Today’s the last day of my Facebook Album Challenge, during which I chose 10 albums, 1 per day, *which made an impact* on me. “Post cover, no explanation,” said the mission statement.
For some of you, that might be a whee little jaunt down memory lane. For an obsessive-compulsive music nerd baby-boomer like myself, it’s torture.
First of all, define your terms. The challenge has been floating around for a while, and it’s been painful for me to watch you lay folks (i.e., normal people with a Real Life) abuse the concept of “Top 10 Albums” so crassly.
You talk about your ten “favorite” albums? That just drives me batty. What the hell is that supposed to mean?
Your ten most loved albums?
Your ten most esteemed albums?
Your ten most listened-to albums?
Your ten most impactful albums?
Those are such different questions.
So as is my wont, I distilled the question down to “most life-changing” for the challenge.
And being the rule-abiding nerd that I am, I made no comments on my postings.
Guess what? I’ve held it in too long. Here comes.
#1 “Meet the Beatles”
For the excitement.
Do I really need to explain that I don’t think this is The Beatles greatest achievement? Or can you figure out that as a 15-year old boy, just like those dumb girls on the screen were screaming outwardly, so I was screaming inside, even as I watched them poker-faced?
128: The Isley Brothers, ‘Twist and Shout’
251: The Maysles Brothers, “The Beatles: The First U.S. Visit”
229: The Beatles: ‘I’ve Just Seen a Face’ (“Rubber Soul” at 50)
053: The Beatles, ‘In My Life’
214: The Beatles, ‘You’re Gonna Lose That Girl’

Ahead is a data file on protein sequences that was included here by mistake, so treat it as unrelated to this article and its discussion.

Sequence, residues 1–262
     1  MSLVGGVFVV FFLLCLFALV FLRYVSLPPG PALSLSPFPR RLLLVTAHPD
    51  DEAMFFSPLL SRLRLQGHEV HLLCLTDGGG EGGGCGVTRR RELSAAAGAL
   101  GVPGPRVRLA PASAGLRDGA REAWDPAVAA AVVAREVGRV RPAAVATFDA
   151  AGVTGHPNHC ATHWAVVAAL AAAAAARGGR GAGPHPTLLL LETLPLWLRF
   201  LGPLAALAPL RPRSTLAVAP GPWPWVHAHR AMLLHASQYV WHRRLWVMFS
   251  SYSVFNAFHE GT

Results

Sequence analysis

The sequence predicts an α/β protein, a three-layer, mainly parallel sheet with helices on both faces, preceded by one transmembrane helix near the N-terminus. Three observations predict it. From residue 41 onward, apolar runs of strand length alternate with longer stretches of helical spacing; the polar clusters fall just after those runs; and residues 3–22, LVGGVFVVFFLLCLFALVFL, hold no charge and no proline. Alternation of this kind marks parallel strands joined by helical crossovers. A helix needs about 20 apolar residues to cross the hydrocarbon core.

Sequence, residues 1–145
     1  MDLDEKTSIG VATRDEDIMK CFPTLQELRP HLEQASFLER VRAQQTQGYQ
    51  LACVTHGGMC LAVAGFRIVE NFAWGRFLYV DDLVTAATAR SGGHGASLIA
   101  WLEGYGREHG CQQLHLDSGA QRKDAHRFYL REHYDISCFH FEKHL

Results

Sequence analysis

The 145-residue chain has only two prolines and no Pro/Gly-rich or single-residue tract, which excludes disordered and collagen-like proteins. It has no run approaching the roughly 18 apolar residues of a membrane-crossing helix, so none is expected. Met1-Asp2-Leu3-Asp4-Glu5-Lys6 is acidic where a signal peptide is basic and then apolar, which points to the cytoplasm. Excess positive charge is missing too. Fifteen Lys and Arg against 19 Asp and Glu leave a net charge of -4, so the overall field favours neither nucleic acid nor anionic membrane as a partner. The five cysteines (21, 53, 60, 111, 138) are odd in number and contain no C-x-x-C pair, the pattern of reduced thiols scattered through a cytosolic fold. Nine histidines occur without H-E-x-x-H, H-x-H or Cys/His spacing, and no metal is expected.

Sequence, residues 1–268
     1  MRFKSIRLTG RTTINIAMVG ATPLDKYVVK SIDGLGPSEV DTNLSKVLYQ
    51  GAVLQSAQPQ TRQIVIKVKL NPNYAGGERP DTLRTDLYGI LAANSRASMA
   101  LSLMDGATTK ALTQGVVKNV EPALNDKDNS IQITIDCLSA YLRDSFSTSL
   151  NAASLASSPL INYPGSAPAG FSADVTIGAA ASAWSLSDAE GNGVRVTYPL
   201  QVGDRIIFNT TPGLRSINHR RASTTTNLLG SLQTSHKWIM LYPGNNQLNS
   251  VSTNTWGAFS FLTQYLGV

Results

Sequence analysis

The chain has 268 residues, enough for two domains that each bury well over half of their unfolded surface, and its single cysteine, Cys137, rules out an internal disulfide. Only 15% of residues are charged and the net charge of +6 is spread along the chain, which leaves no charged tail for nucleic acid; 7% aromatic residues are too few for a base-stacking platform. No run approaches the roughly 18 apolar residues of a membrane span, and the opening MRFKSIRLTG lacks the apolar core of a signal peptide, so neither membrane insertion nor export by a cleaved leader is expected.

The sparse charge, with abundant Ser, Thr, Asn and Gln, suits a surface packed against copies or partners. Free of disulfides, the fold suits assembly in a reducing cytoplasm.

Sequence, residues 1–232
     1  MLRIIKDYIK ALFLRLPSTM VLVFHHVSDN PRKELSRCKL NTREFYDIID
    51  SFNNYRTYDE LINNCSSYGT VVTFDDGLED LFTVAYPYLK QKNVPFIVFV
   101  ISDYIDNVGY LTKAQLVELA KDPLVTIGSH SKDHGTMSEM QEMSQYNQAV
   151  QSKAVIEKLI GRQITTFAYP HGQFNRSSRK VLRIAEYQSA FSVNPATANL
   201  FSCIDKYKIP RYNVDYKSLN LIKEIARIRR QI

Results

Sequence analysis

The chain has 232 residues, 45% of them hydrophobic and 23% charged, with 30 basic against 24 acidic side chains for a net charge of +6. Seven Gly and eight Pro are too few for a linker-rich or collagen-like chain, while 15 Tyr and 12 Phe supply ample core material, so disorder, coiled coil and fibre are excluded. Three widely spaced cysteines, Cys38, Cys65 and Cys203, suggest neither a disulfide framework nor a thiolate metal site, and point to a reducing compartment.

252: The Beatles, ‘Strawberry Fields Forever’
207: The Beatles, ‘Rocky Raccoon’; and Bob Dylan, ‘Frankie Lee and Judas Priest’/’Lily, Rosemary and the Jack of Hearts’
#2 “Another Side of Bob Dylan”
For opening my eyes.
Eight months and a million light years after the aforementioned, it was Dylan’s third album, the first one that I met in real time. I remember my head exploding, trying to grasp Bob Dylan. Fifty-five years later, I’m still working on it.
248: Bob Dylan, ‘You Ain’t Going Nowhere’
190: Bob Dylan, ‘Boots of Spanish Leather’
008: ‘I’ll Keep It With Mine’, Fairport Convention (Bob Dylan)
016: Bob Dylan, ‘Percy’s Song’
176: Chuck Berry, ‘Too Much Monkey Business’ (Bob Dylan, ‘Subterranean Homesick Blues’)
201: Bob Dylan, ‘All Along the Watchtower’
126: Bob Dylan, ‘Tears of Rage’ (The Basement Tapes)
262: Bob Dylan, ‘Went to See the Gypsy’ (“Another Self-Portrait”)
087: Bob Dylan, ‘Black Diamond Bay’
204: Bob Dylan, ‘Idiot Wind’ (NY Sessions)
164: Bob Dylan, ‘Tangled Up in Blue
#3 The Beach Boys, “Pet Sounds”
For the unfathomable beauty.
I’ve been plumbing the depths of this album since it was released, and never grow tired of it, 52 years. Through the decades, over and over, I’ve listened to all 8 CDs of the bootlegged “Unsurpassed Beach Boys!” studio recordings, listening to how Brian built the tracks pulse by pulse, measure by measure, genius at every stroke. I’ve watched and rewatched all the Pet Sounds documentaries, and read all the books. I’ve listened through atomic earphones to every one of the dozen or so remastered versions, from duophonic to mono to stereo to whatever. That line in “Here Today” where the ukulele and the bass harmonica play in unison? I’ll let you know when I get tired of it.